Posts Tagged: pain

Surrey Pain & Wellness Chiropractic – Wellness Series Part 3 of 3

Is wellness physical health?  Quality of life?  Freedom from pain?

Health and wellness is all of these things.  Doctors and scientists have studied the lifestyles and genetics of people from different periods in history, from different cultures and environments to help understand health and longevity. This month the Surrey Pain & Wellness Chiropractic blog is focusing on wellness – welcome to part three of this three part series, a focus on freedom from pain.


Freedom from Pain

Pain.  No one needs to describe what it feels like – we can all identify with it, whether it’s the intense sensation of a scrape, burn or injury or something much more serious.

Even if you don’t know the cause of your pain, pain tells us that something in our body isn’t right.  So do you visit the doctor? The chiropractor?  Physiotherapist or massage therapist?  Take medication? Vitamins?  All or none of the above?

When pain becomes chronic – generally lasting at least three months, it becomes something else entirely.    The physical and emotional core is stressed, fatigued and their day-to-day living is affected.  Chronic pain can undermines a person’s well-being,  productivity and even of the essence of who they are, as the focus of each day is on how to eradicate the pain and trying all of the above remedies, and many others.

Chronic pain is complex in that it can differ tremendously – even between individuals  who suffer from the exact same injury or disease.   This can be because of a co-existing condition or injury or many other environmental or psychological factors that must be factored into how an individual perceives and experiences pain.

Diagnosing Chronic Pain

There is no way to measure how pain varies between individuals, but first and foremost, health care providers must take the patient’s description and feedback into account.   This is probably more important than what the medical books suggest a patient could or should be feeling for any condition.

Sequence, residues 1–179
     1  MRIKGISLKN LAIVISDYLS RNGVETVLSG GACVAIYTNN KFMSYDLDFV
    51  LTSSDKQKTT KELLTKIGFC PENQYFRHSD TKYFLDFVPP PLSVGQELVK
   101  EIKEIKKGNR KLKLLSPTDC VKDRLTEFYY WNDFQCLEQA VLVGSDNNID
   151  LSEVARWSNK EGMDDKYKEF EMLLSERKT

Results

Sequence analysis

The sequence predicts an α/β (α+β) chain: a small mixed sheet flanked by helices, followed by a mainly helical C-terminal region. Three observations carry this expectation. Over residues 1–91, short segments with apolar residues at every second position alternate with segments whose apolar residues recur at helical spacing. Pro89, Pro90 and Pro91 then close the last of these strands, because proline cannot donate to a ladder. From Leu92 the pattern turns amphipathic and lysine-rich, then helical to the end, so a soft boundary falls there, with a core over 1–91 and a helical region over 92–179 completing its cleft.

A full physical examination can provide more insight into the cause of chronic pain.  However, more detailed and technical examinations will likely be made and may include x-ray, MRI, EEG, blood tests, etc.

Managing & Treating Chronic Pain

The goal of pain management is to improve the day-to-day function and quality of life for the patient, and as mentioned that varies from person to person.

Whatever treatment regime is it is important to remember that chronic pain is treatable, and may require a combination of many approaches, such as physical activity, relaxation, nutrition and access to health care.  Different health care providers will also recommend different approaches or courses of treatment.  While it is important for patients who suffer from chronic pain to explore a range of different health care providers, it is always best to be up front with each as to what kinds of treatments, medications etc. have been used in the past.  Each patient should document this not only to share with other health care providers, but as a reference for themselves and a tool for making decisions on what is working and what is not.

Though chronic pain is an individual and personal health issue – it is also a major issue for public health, as well as  family, friends, employers and health care providers who are affected and need to give ongoing support for those who suffer from the physical as well as the emotional impact of chronic pain.

Chiropractic treatments can be useful in reducing  many kinds of pain, and may be most effective with chronic pain, since  pain  impacts the structure and function of the body – how you move, your posture and the quality of sleep you have.  Even organic disease causes reactions in the body’s skeletal and muscular functioning that can increase the level of pain in the body overall.

Surrey Pain & Wellness Chiropractic Clinic welcomes feedback and insight for those who have suffered with chronic pain, whether or not chiropractic is a part of your current or ongoing recovery from chronic pain.